Mitt Romney Will Release His Tax Returns After All

Romney had resisted releasing them, handing a populist cudgel to Newt Gingrich, who portrayed him as a job-eliminating plutocrat to great effect in the South Carolina primary. Romney's now had second thoughts.

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Mitt Romney will make public his tax returns on Tuesday, the candidate announced on Sunday, one day after getting swamped by Newt Gingrich in the South Carolina Republican primary, in part based on Gingrich's attacks on Romney's business track record and wealth.

It was "a mistake" not to simply release the returns, Romney said on "Fox News Sunday," according to reports.

The Romney campaign will release Romney's 2010 return and an estimate of the taxes he will pay in 2011, the Los Angeles Times reported. But he will only go so far.

But he brushed off a suggestion from moderator Chris Wallace that he follow the pioneering example his father, George Romney, set in the 1968 presidential campaign, when he released a dozen years of federal returns.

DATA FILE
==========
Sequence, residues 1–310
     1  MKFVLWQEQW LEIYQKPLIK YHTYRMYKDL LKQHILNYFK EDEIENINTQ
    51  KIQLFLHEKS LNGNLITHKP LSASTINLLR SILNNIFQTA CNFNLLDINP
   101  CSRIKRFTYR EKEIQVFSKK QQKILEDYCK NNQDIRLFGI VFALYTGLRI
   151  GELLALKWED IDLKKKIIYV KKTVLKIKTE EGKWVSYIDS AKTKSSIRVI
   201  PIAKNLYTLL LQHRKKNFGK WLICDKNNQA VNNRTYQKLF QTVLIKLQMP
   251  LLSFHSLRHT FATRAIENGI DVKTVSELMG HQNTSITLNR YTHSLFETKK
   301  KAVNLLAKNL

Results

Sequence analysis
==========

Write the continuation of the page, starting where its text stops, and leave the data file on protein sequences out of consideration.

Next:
"I'm not going back to my dad's year," Romney said, calling that a time before the Internet and maintaining that there was already "plenty of information" available about his financial holdings in the required public disclosures he has already made.

"We'll be putting our returns on the Internet. People can look through them," Romney said.

He did not revive, at least on Sunday morning, the rhetoric of his concession speech the night before. In that address, Romney warned, not for the first time, that there was a risk to Republicans in the criticism and scrutiny that other campaigns — particularly Gingrich's — have heaped on his business record at Bain Capital. Criticizing Romney for his wealth, or the aggressive methods used to acquire it, will only paint a map for Democrats seeking to undo a possible future nominee, he warned: "Those who pick up the weapons of the left today will find them turned against them tomorrow."

This article is from the archive of our partner The Wire.